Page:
Friday, April 28, 2017

Modern Cartoonists Fight to Keep Pace with Changing Times, 1972

"Now [James Geraghty's] talking about retiring, but is holding off because nobody has been found to replace him."
The Washington Post news service
The Geneva Times, August 2, 1972

It was the end of an era. Of the many magazines which once published cartoons, the market by 1972 had shrunk somehow to the point of having only one major player: The New Yorker. The cartoon editor, James Geraghty, who had been hired in 1938, was getting set to retire. By 1973, Lee Lorenz would be named his successor. This was the big story in magazine cartooning forty-five years ago, and it sounds an awful lot like the story today. Once again it feels like the end of an era. As a publisher of single-panel cartoons, the New Yorker is even more isolated among magazines than it was in 1972. This time around, it is Bob Mankoff, Lorenz's successor, who is retiring as cartoon editor. Emma Allen is setting out to steward the next phase of this singular art form we call the New Yorker cartoon.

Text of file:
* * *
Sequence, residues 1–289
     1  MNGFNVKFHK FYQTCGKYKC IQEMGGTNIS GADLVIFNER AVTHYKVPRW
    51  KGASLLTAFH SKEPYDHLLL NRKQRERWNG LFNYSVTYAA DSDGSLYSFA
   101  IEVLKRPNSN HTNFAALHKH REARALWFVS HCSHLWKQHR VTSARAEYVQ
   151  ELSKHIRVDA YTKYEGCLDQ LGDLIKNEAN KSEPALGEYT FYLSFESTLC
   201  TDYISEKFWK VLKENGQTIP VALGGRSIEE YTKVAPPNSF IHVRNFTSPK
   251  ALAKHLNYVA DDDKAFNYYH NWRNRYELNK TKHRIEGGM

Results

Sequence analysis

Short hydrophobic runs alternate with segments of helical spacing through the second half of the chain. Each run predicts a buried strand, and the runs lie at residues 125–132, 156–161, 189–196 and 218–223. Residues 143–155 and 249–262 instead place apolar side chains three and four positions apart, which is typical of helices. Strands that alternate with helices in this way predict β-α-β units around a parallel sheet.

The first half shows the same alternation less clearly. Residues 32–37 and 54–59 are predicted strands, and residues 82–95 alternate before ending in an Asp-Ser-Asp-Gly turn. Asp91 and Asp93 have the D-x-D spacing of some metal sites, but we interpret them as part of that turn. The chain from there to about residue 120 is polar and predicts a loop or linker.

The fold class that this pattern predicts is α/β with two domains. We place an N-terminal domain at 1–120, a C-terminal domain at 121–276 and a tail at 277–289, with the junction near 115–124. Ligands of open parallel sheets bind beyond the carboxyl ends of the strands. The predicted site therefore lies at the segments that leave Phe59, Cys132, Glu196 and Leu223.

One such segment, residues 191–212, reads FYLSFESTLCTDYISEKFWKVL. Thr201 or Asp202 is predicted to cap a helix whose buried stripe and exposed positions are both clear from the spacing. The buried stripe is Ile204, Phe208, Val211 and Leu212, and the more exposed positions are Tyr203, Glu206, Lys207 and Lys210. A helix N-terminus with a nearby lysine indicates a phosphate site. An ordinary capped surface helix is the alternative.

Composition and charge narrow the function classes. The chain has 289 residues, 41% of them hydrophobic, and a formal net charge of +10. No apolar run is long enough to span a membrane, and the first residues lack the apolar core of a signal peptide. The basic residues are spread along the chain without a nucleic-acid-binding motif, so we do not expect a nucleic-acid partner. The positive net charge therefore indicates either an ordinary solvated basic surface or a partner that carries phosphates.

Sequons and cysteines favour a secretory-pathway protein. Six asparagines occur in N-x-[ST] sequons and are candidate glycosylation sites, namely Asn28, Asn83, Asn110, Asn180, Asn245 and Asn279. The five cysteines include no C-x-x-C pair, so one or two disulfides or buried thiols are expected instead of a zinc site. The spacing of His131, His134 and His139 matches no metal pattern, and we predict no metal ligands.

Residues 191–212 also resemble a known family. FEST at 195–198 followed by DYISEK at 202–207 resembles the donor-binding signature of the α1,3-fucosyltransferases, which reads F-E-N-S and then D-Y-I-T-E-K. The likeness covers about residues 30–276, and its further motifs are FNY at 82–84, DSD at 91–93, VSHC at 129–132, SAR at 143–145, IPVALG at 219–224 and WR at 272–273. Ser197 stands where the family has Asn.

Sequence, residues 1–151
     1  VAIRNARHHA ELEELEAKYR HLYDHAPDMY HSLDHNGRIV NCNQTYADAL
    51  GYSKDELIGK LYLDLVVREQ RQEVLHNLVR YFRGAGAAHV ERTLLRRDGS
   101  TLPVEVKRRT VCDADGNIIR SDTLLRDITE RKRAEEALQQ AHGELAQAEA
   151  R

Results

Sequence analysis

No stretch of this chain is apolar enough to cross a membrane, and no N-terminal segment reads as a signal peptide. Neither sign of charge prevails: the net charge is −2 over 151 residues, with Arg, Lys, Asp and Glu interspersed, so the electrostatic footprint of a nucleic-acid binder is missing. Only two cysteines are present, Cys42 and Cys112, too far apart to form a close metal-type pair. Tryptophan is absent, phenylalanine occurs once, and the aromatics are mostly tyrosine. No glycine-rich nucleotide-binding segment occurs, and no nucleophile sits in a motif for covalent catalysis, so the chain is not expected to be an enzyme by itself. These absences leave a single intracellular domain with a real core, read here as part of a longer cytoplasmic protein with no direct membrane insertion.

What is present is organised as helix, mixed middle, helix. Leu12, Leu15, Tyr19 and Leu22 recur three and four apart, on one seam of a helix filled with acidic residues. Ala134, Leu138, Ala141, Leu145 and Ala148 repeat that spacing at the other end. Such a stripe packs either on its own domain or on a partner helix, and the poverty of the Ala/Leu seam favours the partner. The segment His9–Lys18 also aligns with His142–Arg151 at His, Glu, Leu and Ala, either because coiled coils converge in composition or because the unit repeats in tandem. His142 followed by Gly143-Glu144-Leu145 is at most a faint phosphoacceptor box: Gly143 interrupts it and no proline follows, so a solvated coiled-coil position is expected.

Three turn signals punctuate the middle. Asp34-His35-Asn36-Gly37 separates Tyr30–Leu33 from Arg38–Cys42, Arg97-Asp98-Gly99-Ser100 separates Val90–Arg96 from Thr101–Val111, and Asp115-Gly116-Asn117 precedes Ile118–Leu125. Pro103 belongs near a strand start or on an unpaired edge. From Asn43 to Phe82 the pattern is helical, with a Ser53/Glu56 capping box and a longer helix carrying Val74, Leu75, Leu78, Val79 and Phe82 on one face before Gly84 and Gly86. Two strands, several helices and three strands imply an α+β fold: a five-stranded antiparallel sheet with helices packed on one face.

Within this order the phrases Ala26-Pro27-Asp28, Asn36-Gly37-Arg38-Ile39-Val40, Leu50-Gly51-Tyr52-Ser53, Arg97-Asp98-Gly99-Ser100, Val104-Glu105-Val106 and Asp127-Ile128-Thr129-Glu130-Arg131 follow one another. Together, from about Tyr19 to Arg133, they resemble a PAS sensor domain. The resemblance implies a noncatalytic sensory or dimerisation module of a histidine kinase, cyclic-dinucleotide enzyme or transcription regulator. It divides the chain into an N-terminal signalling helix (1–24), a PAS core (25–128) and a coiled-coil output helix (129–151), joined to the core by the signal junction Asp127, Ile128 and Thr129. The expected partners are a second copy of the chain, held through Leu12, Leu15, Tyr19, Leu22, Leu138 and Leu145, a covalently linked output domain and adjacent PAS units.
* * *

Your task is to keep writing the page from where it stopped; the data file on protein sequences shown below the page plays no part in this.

"Modern Cartoonists Fight to Keep Pace with Changing Times," The Washington Post news service
The Geneva Times, August 2, 1972, page 32

Scan courtesy of Michael Maslin

Note:  Thanks to Michael Maslin for providing this hard-to-find article. His blog Ink Spill reports on the world of New Yorker cartoonists.

Quick Links to the Attempted Bloggery Archives:

James Geraghty

Lee Lorenz

Bob Mankoff

Emma Allen

The New Yorker


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